Rhino in the Room

Privacy breaches, information dragnets, darknet, hacks, cybercrime, leaks, sometimes it makes you wonder what good information technology actually brings to human kind. Sure, media has always focused on things that can go sour; our first interest is in what disasters or negative effects inventions and innovations bring to us. And, they usually do. Alfred Nobel’s dynamite is a fine example of a great invention that made its biggest impact in late 19th and 20th century wars. At least the ongoing attention from the media for cyber warfare and smart weapon technology, makes us aware of the potential lethality and military use that information technology inhibits.

At the same time this negative focus approach tends to overshadow the positive effect information technology can have on society, economy and personal lives. And that of animals.Wageningen University, IBM, MTN and Prodapt recently announced a joint initiative to curb rhino poaching in South Africa. Rhino poaching is usually done for harvesting the horn of the rhino for use in traditional Asian medicine. But with some 25.000 rhinos left, the price of the rhino’s horn goes up and the poaching has become a highly profitable business potentially leading to the rhino’s extinction.

The problem with catching a poacher is that you never know when and where they are going to strike. You have to know where the poachers and the rhinos are. But anybody can be a poacher and actively tracking and protecting all rhinos is impossible. The introduction of drones to help protect the rhino has been positive but its effect still limited. During a conference in South Africa members of the Netherlands Institute for Radio Astronomy suggested that it should be possible to detect poachers from space. By analyzing the movements of fleeing herbivores from space, poaching activities could be detected and subsequently stopped by timely targeted actions.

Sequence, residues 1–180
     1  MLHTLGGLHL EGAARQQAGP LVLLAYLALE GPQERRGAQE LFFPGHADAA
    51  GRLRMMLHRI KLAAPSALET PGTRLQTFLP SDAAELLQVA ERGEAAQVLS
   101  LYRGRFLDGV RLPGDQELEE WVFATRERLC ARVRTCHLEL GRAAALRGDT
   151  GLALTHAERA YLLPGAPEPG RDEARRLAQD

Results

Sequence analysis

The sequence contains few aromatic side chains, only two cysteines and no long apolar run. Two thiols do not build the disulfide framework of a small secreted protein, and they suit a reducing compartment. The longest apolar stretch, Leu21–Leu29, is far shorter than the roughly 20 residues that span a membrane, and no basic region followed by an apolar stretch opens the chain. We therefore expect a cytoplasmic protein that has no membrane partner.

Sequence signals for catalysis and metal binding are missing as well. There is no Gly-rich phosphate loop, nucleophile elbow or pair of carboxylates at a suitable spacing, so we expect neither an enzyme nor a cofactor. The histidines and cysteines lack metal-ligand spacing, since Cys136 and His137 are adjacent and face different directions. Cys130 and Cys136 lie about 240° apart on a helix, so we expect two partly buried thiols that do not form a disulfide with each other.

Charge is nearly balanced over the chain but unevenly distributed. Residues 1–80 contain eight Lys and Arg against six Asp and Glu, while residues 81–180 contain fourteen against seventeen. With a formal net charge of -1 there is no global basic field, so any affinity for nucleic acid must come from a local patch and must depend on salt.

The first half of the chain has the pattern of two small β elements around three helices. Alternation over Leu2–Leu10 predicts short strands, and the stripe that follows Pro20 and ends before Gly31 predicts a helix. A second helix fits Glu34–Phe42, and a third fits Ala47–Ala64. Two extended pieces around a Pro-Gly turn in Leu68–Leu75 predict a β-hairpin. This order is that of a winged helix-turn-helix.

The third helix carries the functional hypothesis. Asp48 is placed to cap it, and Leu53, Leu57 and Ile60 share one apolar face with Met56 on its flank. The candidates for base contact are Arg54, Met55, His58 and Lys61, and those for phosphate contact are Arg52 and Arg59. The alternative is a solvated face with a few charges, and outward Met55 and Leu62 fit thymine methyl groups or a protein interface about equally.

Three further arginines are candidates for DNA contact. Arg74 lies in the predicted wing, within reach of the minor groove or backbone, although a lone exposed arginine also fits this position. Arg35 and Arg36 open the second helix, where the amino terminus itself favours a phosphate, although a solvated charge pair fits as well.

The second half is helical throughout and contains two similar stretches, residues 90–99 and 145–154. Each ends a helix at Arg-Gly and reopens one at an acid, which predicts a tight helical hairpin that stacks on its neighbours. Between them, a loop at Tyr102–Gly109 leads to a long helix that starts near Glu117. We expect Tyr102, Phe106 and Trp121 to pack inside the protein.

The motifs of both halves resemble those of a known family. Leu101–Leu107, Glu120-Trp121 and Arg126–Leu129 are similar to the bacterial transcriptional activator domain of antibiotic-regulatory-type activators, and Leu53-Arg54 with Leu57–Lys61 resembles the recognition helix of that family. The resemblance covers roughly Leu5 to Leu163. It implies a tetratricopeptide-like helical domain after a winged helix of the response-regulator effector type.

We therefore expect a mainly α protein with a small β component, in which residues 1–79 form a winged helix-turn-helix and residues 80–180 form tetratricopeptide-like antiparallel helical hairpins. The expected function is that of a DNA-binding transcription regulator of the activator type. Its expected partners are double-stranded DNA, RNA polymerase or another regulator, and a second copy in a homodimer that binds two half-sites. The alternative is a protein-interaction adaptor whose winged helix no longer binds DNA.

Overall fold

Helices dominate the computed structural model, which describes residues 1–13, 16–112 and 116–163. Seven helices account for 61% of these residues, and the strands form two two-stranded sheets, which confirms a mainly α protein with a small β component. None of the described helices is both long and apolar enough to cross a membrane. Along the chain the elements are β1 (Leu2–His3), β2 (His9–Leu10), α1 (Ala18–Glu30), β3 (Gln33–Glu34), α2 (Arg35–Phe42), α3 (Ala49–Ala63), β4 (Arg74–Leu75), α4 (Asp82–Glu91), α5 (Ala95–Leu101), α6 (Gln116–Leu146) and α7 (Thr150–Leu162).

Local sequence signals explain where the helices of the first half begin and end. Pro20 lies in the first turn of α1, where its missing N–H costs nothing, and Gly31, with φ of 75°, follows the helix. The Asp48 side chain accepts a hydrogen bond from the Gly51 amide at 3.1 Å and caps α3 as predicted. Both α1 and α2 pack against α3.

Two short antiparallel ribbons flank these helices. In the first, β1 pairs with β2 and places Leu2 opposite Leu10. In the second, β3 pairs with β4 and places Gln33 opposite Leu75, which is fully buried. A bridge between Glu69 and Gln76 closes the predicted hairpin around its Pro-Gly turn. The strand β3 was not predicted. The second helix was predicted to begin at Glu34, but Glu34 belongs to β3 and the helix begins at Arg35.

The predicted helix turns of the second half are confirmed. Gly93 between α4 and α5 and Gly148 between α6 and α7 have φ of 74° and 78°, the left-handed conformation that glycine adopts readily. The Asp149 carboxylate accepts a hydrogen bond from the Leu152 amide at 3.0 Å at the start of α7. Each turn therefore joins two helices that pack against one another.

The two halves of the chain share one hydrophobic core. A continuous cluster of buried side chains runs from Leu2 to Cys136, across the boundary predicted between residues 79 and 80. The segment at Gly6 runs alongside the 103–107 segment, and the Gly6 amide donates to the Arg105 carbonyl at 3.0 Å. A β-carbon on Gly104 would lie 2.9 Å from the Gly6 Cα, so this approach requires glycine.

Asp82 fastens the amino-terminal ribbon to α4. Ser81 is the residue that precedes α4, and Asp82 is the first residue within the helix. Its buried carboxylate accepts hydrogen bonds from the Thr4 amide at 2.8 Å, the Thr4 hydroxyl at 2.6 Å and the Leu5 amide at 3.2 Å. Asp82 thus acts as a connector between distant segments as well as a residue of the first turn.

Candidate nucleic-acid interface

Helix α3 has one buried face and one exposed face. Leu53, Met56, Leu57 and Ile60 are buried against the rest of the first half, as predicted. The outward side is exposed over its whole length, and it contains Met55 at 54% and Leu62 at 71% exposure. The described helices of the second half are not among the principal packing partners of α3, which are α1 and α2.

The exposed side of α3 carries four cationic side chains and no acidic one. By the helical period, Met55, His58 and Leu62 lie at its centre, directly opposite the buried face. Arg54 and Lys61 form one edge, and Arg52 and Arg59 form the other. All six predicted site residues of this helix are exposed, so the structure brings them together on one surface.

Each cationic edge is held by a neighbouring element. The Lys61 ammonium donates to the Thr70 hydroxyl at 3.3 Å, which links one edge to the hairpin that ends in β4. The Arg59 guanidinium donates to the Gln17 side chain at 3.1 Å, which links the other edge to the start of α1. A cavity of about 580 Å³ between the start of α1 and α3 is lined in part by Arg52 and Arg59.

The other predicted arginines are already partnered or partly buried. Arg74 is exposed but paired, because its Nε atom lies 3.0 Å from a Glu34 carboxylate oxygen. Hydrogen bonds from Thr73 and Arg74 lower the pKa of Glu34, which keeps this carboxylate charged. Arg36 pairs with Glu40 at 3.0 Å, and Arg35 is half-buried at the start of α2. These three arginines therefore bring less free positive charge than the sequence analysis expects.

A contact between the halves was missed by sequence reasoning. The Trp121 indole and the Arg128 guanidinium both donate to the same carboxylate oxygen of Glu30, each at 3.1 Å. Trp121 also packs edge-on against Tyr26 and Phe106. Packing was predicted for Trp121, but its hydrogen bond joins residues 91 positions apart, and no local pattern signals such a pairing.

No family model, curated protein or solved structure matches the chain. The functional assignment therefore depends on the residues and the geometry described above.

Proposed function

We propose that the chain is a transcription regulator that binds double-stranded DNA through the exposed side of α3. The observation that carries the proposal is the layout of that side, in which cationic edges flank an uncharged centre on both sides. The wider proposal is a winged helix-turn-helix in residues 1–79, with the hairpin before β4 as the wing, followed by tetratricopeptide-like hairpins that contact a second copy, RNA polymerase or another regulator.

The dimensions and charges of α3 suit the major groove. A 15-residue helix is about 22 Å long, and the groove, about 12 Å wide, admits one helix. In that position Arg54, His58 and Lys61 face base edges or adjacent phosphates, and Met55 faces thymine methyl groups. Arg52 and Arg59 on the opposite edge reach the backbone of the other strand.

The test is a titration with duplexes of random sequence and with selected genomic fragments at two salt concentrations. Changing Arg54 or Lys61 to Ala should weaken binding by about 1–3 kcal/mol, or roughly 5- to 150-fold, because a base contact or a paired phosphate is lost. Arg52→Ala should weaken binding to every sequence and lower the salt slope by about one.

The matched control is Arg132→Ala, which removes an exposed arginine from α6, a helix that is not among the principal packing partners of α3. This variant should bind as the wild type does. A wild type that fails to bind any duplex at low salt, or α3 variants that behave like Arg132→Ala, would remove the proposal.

The key is to be able to correctly interpret the movement patterns from fleeing herbivore wildlife in order to differentiate natural predator fleeing from poaching. Wageningen University started research into recognizing different reasons for fleeing for different kind of threats such as natural predators, poachers and tourist groups. The conclusion from the research was that, given enough data, it is possible to differentiate between fleeing behavior. In other words: it is possible to locate poacher activity and more effectively protect the rhino.

Next step was to start collecting real data. This was done by fitting sensor containing collars to prey animals in Welgevonden Game Reserve in South Africa to collect data on their moving behavior. The data was sent via the LoRa WAN Network Server onto MTN’s 3/4G network. The received data contains details on speed, distance, time, movement, location, direction and more. The data is than fed by Wageningen University into their rule based system analyzing animals’ response to external threats, eventually leading to pinpoint poaching activity. Gathering more data enriched with weather, traffic, and other contextual data, fleeing pattern recognition may even evolve into fleeing pattern prediction. This would seriously curb the poachers head start and give better chances of success for the intervention teams.

The combination of IoT, AI and Big Data can indeed be very powerful. Suffice to say that convincing people that rhino horn has no medicinal qualities and that it is primarily made of keratin (the protein that also makes up hair and nails) is ultimately a better way to go. Until then the rhino will be happy to have information technology around.

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About Marcel Warmerdam